Yes, he must first muster a re-election win for a second four-year term. But, this is also assuming that he survives his first term from impeachment by Congress, an indictment by the US Justice Department criminal investigators, or he may just resign to ward off a Special Counsel probe that is looking into alleged criminal behaviours.
The United States will rid of him sooner or later. Then, the pendulum will swing away from Donald Trump and a new beginning will dawn much as it does after each president. President Barack Obama, whatever his legacy might be, allowed the nation a new sweep after the disasters of the Iraq and Afghanistan wars created by his predecessor, President George Bush.
The real danger of a Trump presidency lies elsewhere. African leaders, who are still grudgingly weaning themselves away from dictatorial bents, may take heart in this fringe President and begin to justify their grip on power by pointing to America.
The discredited argument that Africa, and indeed Ethiopia, is better off under a strongman rule may reemerge, and the new mantra may be “see, even America is doing it.”
The American system of governance may allow the emergence of the likes of Trump, but it has, fortunately, the resiliency to check it. It has the ability to renew and adjust itself, amend its laws and regulations, and otherwise respond to the crises effectively.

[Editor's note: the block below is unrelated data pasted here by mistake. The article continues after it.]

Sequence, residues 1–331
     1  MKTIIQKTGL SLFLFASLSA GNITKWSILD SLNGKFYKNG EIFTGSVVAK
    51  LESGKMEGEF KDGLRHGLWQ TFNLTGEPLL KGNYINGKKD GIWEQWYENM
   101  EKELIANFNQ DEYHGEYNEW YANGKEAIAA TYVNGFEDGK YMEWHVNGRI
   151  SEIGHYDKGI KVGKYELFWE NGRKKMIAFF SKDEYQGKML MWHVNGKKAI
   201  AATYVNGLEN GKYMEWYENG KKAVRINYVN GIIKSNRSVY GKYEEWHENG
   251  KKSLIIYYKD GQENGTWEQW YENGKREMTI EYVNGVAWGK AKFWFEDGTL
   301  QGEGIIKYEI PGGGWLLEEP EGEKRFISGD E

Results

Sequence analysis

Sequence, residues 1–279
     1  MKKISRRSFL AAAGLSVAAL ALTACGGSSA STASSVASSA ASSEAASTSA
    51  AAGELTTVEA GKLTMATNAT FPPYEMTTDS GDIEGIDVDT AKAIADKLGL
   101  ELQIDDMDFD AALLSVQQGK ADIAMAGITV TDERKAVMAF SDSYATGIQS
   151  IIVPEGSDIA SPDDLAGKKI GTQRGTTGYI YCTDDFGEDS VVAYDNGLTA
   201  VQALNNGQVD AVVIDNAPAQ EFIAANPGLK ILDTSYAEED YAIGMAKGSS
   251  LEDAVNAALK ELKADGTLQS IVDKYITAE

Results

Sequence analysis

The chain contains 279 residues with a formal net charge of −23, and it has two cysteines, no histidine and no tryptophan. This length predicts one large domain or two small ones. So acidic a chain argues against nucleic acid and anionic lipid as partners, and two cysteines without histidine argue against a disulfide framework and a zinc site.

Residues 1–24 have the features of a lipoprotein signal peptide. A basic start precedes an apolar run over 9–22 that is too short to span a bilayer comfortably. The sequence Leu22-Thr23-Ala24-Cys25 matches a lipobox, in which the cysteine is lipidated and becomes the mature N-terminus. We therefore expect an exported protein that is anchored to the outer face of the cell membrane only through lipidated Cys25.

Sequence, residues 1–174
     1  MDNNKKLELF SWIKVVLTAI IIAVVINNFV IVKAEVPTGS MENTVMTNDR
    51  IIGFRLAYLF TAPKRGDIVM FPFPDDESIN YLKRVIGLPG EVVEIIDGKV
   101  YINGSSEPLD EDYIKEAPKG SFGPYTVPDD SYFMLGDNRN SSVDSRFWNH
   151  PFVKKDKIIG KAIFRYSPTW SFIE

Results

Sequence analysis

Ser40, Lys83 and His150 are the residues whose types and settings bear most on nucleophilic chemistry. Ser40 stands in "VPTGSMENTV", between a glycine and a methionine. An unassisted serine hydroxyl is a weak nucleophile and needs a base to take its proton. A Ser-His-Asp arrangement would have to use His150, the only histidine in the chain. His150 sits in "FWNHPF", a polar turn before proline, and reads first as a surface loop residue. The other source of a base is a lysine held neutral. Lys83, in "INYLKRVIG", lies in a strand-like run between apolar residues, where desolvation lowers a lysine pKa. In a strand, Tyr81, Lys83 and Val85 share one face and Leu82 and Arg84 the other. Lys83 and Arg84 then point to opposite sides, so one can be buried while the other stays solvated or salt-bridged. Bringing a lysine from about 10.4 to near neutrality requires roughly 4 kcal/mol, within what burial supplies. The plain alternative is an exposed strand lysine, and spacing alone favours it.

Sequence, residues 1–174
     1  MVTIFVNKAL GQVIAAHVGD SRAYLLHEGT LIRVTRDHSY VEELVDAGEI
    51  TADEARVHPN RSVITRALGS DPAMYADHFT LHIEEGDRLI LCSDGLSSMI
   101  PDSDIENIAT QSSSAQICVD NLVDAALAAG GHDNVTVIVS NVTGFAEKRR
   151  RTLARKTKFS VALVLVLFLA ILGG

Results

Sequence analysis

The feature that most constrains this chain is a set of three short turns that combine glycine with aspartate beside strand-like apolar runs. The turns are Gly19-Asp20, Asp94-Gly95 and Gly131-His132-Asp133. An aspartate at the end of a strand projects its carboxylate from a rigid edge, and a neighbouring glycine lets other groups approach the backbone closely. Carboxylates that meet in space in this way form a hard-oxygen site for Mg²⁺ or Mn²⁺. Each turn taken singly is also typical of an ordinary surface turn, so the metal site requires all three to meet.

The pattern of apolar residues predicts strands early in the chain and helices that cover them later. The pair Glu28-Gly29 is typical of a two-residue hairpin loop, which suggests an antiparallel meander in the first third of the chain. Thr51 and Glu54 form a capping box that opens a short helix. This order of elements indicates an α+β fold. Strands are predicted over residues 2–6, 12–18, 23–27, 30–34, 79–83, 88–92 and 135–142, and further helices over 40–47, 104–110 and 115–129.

The United States deals with its political difficulties by turning to a beautifully choreographed, operatic, stylistic and legalistic movements controlled by the constitution that keep the whole in tack but evict the sickness.
There is no need for emergency military declarations, command posts and suspension of fundamental rights. The rule of law will continue to reign supremely over the entire country, and the system will merely renew itself without having to alter the basic system of checks and balances. Americans can afford to go about their business and outwait Trump, work to defeat him in the next election, or just kick back and let the justice system hunt him down if he has violated any law.
This American trajectory is what is hoped for Ethiopia – a system of government that is capable of checks and balances, rule of law and renewals. The unending discussions of Ethiopian politics by the American Diaspora, where homesickness and anxiety over separation add to the emotions, often leads to circular arguments.
But almost all agree that the United States, home to thousands of Ethiopians, is both a safe refuge and the desired model of government to be emulated by the homeland. Most of the Ethiopian men watching the election results at the San Francisco bar had voted against Trump earlier that day. They had hoped for his defeat but accept the results as a true and legal outcome of the American experience. Meanwhile, they hanker and wait to witness a similar political process in the home country.
The men fell silent after results start coming in showing that the State of Florida has fallen into Donald Trump’s camp, essentially sealing the election of an implausible candidate. As the men left the bar, the true picture of a Trump Presidency has not emerged, and they had no suspicion about what will unfold within days of his inauguration.